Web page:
If I really need to talk urgently to someone in Australia, or on the Moon, I pick up the phone. Otherwise, enjoy the trip.  alancalverd, Tue, 25th Nov 2014

The next step may be sub-orbital rocket-assisted space hops. 
Yes, it will come.  Hopping from Britain to Australia in a few hours. 

Not that it will be cheap.  You may be spending a million dollars a ticket. 

How much is it worth to save an hour of travel time?  $100,000 per hour saved?  Even if you are sleeping most of that saved travel time?

Don't forget spending hours getting to the couple of space airports sparsely scattered around the globe. CliffordK, Tue, 25th Nov 2014

Even if we get suborbital flights that can reach anywhere on Earth in a few hours (most of which is spent getting the last 50km through the atmosphere), there is still the jet lag, which is sometimes quoted as 1 day elapsed time to fully recover from each hour of timezone change. evan_au, Wed, 26th Nov 2014

I suppose you could minimize your jet lag by flying from Britain to South Africa, or Australia to Korea.  Just choose your destinations carefully.

I'm not sure about the day per time-zone recovery.  However, what you do around the time of the international flight may be crucial to jet lag recovery.  In particular, one should try to start the destination sleep schedule while in flight, or perhaps even before leaving. 

So, with that in mind, the time in the air isn't entirely wasted, although not particularly productive either (full internet access would help some).

Just think how times have changed.  Not too many generations ago, and people were sailing across the Atlantic, and taking wagon trains across the Great Plains. CliffordK, Wed, 26th Nov 2014

I think airline pilots gain brownie points for saving fuel and often fly the aircraft much slower than the technology alows syhprum, Sat, 29th Nov 2014

The object of airline flying is to meet a schedule: missing a landing slot can be very expensive and screws up everyone else's day too. Private pilots and bush pilots on the other hand tend to fly for maximum range. The speed you fly, in either case, depends on the expected wind vector. Flying slowly is rarely the answer unless you have a hell of a tailwind. You can reduce your fuel consumption to "idle" but in the case of a small piston engine you may end up going backwards (it's quite good fun in a Piper Cub), and in the case of a jet the burn rate at stall speed can actually be higher than the cruise consumption.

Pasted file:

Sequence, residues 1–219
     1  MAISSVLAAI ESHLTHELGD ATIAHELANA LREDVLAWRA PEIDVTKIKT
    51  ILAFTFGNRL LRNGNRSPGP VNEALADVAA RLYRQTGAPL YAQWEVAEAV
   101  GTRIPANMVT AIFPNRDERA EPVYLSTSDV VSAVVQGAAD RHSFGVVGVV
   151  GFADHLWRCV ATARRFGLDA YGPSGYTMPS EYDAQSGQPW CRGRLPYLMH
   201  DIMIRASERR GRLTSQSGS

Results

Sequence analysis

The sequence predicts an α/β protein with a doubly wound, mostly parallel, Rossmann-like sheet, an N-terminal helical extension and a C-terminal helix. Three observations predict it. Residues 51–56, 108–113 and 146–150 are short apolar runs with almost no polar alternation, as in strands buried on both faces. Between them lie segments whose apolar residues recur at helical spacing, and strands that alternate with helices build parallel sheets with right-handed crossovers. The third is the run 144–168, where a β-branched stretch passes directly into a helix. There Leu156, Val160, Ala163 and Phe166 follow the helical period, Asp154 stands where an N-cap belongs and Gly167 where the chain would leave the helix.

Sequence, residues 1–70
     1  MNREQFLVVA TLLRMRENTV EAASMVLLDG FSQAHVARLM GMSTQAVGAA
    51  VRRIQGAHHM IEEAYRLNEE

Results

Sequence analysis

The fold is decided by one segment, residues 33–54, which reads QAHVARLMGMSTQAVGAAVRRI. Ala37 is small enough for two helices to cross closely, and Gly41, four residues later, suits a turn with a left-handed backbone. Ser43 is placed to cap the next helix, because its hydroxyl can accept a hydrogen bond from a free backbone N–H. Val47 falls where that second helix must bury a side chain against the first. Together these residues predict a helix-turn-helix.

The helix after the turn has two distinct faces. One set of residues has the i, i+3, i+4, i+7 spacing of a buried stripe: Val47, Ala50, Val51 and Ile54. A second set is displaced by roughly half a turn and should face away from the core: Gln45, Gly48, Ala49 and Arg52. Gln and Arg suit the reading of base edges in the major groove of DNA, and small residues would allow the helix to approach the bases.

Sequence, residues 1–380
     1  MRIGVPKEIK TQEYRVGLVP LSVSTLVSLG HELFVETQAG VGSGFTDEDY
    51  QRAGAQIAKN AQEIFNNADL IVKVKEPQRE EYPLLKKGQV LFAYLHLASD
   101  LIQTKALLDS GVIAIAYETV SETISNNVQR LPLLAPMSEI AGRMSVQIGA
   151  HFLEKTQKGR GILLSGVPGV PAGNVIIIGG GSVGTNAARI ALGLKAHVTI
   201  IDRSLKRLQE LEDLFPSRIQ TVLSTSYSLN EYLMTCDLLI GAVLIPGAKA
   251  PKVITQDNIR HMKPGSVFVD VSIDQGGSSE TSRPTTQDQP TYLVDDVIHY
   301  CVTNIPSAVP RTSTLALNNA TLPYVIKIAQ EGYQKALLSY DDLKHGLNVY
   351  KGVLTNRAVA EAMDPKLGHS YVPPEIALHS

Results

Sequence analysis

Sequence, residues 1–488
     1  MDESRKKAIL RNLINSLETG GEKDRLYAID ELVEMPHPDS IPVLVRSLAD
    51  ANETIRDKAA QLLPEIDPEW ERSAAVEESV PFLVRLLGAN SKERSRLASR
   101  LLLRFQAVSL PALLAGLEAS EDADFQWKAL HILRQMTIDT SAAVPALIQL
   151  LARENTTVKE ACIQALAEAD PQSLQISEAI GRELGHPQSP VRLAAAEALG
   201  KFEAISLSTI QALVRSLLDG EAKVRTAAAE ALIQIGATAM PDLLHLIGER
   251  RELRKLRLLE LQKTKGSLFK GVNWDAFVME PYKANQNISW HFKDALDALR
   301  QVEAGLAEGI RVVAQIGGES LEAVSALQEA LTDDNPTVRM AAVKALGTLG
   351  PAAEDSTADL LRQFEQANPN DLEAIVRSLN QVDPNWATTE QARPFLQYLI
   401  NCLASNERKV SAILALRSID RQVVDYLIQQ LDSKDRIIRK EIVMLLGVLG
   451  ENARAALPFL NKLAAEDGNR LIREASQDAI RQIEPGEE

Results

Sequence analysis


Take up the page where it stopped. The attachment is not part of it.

The difference between permitted takeoff and landing weights for an airliner is significant, so arriving overhead with much more fuel than planned (say due to an unexpected jet stream) can mean having to divert to burn off the excess.

Most airliners are optimised to cruise at Mach 0.9 or thereabouts.They won't survive supersonic flight and really don't like going much slower because to do so you need to deploy flaps and slats, which increase drag. alancalverd, Sat, 29th Nov 2014

The following isn't much help for crossing oceans, but on all other paths it would be better to use a system like the hyperloop - maglev capsules running through vacuum tubes on a narrow track. Faster than planes and environmentally friendly too. David Cooper, Sat, 29th Nov 2014

This sounds like the theory in the early days of motor vehicles: If you travel faster than 15 miles an hour, your brain will turn to jelly.
...Perhaps, on the roads of the day, it may have felt like that!

What matters are the G-Forces involved, and too much vibration can make you feel ill  .
But speed itself causes no problems - if you didn't look out the window, you wouldn't know how fast you were travelling. evan_au, Sat, 29th Nov 2014

High speed rail is already being used in many places around the world, except in the USA. 

Perhaps the future is a maglev rail in a vacuum, but that may be dangerous as traumatic decompression could be lethal.  And, of course, the infrastructure to build it would be extreme. 

The British have already put rail under the ocean...  well the channel, and I can imagine a Gibraltar-Spain tunnel or bridge will come in the future.  An underwater Atlantic or Pacific crossing is possible, but would be expensive, and would require some pretty extreme engineering to deal with pressures and safety margins. CliffordK, Sat, 29th Nov 2014

It's the wrong kind of high-speed rail: highly polluting, destructive and noisy. HS2 will have to be banned on environmental grounds soon after it's been built.